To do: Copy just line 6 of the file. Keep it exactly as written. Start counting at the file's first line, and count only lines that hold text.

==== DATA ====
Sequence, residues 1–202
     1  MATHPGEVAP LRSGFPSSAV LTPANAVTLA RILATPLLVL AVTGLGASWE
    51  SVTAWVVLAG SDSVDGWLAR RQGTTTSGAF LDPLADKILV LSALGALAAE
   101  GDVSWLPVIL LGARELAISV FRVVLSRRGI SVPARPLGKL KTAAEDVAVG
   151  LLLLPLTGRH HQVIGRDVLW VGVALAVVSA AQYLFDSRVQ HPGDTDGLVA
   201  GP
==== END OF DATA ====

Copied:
   201  GP